To what extent do you review your assumptions?

Cleaning equipment


Assumptions seem easy to jump to, yet not so easy to set aside. Without assuming you have any more assumptions than anyone else, let me just ask you to what extent do you review your assumptions?

Rather than responding immediately, please permit me to put down a few points of possible value to the exercise.

Reviewing assumptions need not be undertaken from a position of judgement. Assumptions, at times, make life simpler and keep us safe. For example, by assuming walking in front of a bus is dangerous we save ourselves from a harmful outcome.

Reviewing assumptions could be done as part of a broader investigation into our progress to date. Seeing where our assumptions have brought us to may offer valuable input for the next stage of our journey through life.

Lastly, reviewing assumptions – as per reviewing values, beliefs and long-held opinions – ensures our current thinking is relevant to our actual way of being and overall outlook. We develop, grow, change even, and it is not written anywhere that we cannot let go of no longer valid assumptions and the like.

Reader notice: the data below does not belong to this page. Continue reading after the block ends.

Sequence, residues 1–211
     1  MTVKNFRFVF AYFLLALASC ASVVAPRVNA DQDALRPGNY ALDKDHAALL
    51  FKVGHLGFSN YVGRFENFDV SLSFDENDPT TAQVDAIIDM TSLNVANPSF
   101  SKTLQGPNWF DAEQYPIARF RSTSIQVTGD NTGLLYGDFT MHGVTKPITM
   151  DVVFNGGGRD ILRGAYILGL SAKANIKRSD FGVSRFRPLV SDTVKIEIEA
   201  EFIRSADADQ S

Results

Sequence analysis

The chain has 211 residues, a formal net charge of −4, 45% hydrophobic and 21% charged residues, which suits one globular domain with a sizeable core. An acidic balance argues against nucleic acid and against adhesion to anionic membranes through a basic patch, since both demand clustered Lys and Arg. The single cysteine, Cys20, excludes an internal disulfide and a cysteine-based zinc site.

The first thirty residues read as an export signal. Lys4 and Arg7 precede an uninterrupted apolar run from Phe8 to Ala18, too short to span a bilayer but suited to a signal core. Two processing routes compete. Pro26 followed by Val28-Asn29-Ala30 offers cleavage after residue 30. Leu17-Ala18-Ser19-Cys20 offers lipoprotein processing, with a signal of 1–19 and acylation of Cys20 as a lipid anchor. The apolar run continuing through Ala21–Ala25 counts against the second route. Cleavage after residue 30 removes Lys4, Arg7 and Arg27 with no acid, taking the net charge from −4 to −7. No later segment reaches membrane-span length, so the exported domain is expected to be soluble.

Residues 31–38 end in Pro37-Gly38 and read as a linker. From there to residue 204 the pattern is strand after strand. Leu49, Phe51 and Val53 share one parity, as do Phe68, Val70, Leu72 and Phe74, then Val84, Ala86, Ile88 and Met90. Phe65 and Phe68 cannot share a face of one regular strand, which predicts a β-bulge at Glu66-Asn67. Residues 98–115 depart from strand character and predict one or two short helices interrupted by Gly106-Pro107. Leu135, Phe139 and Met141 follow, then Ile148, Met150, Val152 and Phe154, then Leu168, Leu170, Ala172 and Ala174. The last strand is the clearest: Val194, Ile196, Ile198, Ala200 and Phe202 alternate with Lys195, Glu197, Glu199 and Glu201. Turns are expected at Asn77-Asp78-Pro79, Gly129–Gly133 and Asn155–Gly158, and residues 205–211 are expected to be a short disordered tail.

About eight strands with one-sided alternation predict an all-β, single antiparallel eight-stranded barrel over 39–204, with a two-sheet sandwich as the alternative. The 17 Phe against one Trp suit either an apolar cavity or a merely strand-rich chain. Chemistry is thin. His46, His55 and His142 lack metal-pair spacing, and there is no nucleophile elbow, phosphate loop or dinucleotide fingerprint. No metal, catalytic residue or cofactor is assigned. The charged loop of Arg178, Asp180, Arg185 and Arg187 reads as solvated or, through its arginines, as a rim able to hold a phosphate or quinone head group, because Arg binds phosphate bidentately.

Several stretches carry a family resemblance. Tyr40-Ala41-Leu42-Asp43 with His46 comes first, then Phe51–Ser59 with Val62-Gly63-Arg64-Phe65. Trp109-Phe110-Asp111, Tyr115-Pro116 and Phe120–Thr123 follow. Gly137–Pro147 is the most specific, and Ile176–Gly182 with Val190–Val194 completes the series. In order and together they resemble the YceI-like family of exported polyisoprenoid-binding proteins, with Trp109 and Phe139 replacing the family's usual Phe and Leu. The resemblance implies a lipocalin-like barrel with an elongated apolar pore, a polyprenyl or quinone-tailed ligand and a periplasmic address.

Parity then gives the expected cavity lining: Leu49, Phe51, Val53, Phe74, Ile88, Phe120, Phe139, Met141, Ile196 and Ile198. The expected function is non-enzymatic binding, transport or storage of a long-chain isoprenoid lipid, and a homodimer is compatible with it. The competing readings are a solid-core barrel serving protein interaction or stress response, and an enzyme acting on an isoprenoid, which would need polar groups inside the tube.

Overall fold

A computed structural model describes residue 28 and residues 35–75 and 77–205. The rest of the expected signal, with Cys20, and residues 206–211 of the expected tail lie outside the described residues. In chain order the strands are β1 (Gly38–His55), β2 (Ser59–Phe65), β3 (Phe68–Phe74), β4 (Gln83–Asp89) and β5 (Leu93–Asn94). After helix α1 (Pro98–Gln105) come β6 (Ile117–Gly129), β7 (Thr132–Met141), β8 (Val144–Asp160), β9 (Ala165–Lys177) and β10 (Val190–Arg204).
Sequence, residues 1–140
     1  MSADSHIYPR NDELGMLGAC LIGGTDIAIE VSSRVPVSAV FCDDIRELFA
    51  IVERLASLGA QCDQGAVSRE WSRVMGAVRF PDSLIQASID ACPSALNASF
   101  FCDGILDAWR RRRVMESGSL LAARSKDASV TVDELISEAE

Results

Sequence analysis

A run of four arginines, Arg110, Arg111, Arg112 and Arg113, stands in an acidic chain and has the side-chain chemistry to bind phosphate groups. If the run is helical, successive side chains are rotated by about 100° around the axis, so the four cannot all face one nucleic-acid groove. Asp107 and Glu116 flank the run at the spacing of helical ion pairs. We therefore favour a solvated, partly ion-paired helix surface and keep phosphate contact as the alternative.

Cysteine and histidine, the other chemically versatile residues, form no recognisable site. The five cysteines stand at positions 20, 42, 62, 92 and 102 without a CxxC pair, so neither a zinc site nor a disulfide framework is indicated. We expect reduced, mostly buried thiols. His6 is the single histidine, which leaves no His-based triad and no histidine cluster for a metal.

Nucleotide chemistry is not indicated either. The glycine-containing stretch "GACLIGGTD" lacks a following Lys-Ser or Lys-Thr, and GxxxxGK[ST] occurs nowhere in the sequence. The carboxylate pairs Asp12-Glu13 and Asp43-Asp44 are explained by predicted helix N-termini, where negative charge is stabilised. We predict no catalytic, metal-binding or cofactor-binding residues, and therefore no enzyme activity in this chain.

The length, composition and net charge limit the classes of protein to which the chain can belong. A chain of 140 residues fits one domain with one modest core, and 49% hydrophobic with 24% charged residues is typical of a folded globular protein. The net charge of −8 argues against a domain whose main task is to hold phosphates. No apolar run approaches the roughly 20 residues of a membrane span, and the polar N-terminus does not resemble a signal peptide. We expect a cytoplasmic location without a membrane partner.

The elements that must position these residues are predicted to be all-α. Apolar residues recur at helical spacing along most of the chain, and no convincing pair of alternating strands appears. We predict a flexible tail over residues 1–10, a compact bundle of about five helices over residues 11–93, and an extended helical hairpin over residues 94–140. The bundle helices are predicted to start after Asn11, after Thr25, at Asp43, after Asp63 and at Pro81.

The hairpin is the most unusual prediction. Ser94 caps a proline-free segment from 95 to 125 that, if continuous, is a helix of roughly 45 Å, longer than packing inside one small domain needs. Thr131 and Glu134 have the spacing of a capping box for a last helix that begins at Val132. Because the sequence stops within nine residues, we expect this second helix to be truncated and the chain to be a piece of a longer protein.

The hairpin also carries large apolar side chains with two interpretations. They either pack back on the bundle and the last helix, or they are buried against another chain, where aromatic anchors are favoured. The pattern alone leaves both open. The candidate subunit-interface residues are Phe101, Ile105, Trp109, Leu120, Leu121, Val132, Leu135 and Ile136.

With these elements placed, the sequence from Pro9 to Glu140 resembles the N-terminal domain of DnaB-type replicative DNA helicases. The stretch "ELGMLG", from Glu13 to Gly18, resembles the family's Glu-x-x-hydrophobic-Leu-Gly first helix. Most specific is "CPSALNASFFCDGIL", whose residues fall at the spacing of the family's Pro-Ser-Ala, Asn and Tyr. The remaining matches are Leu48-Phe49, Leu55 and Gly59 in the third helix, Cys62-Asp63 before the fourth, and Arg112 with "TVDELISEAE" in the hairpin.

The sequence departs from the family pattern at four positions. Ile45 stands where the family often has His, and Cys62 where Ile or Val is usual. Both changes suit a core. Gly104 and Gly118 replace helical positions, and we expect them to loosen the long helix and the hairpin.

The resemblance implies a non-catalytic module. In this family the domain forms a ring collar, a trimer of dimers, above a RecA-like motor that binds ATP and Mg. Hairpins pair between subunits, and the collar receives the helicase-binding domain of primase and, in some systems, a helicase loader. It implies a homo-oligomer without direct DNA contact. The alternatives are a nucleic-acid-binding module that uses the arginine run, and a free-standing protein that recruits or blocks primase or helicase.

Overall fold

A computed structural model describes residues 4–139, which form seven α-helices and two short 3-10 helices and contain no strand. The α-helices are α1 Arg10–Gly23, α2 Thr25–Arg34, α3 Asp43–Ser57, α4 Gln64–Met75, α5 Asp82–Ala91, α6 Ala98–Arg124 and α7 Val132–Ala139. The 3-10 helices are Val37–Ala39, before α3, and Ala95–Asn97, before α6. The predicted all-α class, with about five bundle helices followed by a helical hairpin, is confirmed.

So, to what extent do you review your assumptions? To share your input on this issue, please leave a comment below.

Kindest regards.


Skype: bgdtskype
Twitter: @bgdtcoaching

About Brian

Brian Groves DipM MCIM Chartered Marketer, CTI-trained Co-Active Coach and Freelance Trainer, supplies professional and personal development through coaching, coaching workshops, marketing development training and English language training.

As an Adjunct Professor at the Catholic University of Milan, Italy, Brian teaches a postgraduate course based on dramatic texts and elements of coaching to examine various work-related performance matters.


Heart Poems Captured From Dreams (2017)

How to deliver your potential successfully on the stage of work (2016)

The stage of work (2016)

Performance skills at work (2015)

Personal performance potential at work (2014)

Coaching, performing and thinking at work (2013)

Reflections on performance at work (2012)

Elements of theatre at work (2010)

Training through drama for work (2009)


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